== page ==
Set within the context of the above mapping of intertwined problematics, this paper explores the systemic connections between the myriad issues encompassing globalization, mediatization,18 and terrorism. These are also discussed in The Spirit of Terrorism. I make several references to this book as I attempt to both experience and extend Baudrillard’s thought. Specifically I attempt to think/write my way through three main things: 1) A desire to do an ontologization of the present that challenges conventional ontologies and previous imaginations of the mediatized world order; 2) A desire to map the vague contours of a theoretical construction I tentatively term “the ImMEDIAte Spectacle” and, 3) through this fragmentary lens, survey the linkages between globalization, the media, the singularization of culture, and terrorism. As such, I give consideration to the questions: what does terrorism have to do with globalization? Is globalization “image power”, seduction, an experience, a condition, a mantra? Or is it merely a smokescreen for totalizing systems of mediatized dogma, for strengthening a hegemonic globalist culture that not only destroys the basis of multiculturalism but also provokes terrorist violence? This leads me to explore the ways in which the ImMEDIAte Spectacle produces what I call the “hollowity” effect. This is also a jagged and as yet unpolished lens for viewing however partially, that which is difficult to name and which I am motivated to understand by two things: 1) A suspicion of the ImMEDIAte Spectacle and, 2) the tendency of this spectacle to homogenize culture and thus sideline the values and mores of “minor” cultural systems. It is my view that both the ImMEDIAte Spectacle and the problem of hollowity have great implications for terrorism, considering that much of the condition is the product of a disjuncture, the impossibility of an “exchange” between “us” and the “other.” While I am aware of the “sickening feeling” Baudrillard describes, and which is growing more widespread with each passing moment, I am not yet ready to sacrifice the imagination and its possibilities.
II. Mapping the ImMEDIAte Spectacle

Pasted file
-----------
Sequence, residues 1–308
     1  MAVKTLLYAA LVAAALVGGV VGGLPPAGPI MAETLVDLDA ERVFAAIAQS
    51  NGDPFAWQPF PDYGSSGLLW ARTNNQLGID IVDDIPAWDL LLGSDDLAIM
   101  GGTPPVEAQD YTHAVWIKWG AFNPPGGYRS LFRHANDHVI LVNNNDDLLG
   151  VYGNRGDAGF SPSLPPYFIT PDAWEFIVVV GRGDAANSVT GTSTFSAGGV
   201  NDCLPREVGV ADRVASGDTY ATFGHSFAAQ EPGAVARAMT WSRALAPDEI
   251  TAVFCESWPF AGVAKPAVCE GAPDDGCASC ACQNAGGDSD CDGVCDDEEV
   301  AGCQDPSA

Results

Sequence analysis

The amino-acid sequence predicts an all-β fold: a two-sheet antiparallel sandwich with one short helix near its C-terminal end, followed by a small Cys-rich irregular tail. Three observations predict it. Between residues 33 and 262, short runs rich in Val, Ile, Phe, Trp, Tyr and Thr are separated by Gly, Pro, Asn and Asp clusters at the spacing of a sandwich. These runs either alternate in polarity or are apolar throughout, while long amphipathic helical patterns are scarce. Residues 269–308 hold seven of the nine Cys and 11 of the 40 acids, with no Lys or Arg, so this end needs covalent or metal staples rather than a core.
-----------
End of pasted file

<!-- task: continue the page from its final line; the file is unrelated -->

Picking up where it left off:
In what has been labeled the new world order, the digitalization and virtualization of the spaces of being through a high-powered globalization, are foreshadowed new cloning effects. As techno-modernity strengthens its reach with mechanical efficiency, the subtexts of global communication overlap with socioeconomic forces, becoming radical in a no-nonsense, communicative way, hybridizing the institutions of pure representations and the holographs of audiovisualism. This is the world of the ImMEDIAte Spectacle, where the manifold forces of cultural globalization take delight in mono-coloring hitherto multicolored spaces – in a rush of televisual enthusiasm – with the peculiar gray paint I term “postscriptomodernsity”.19 Moreover, we can further look to Baudrillard who had earlier insisted that we are witnessing the ecstasy of communication. And this ecstasy is obscene. Obscene is that which illuminates the gaze, the image and every representation. Obscenity is not confined to sexuality, because today there is a pornography of information and communication, a pornography of circuits and networks, of functions and objects in their legibility, availability, regulation, forced signification, capacity to perform, connection, polyvalence, and their free expression. It is no longer the obscenity of the hidden, the repressed, the obscure, but that of the visible, all-too-visible, the more visible than visible; it is the obscenity of that which no longer contains a secret and is entirely soluble in information and communication.20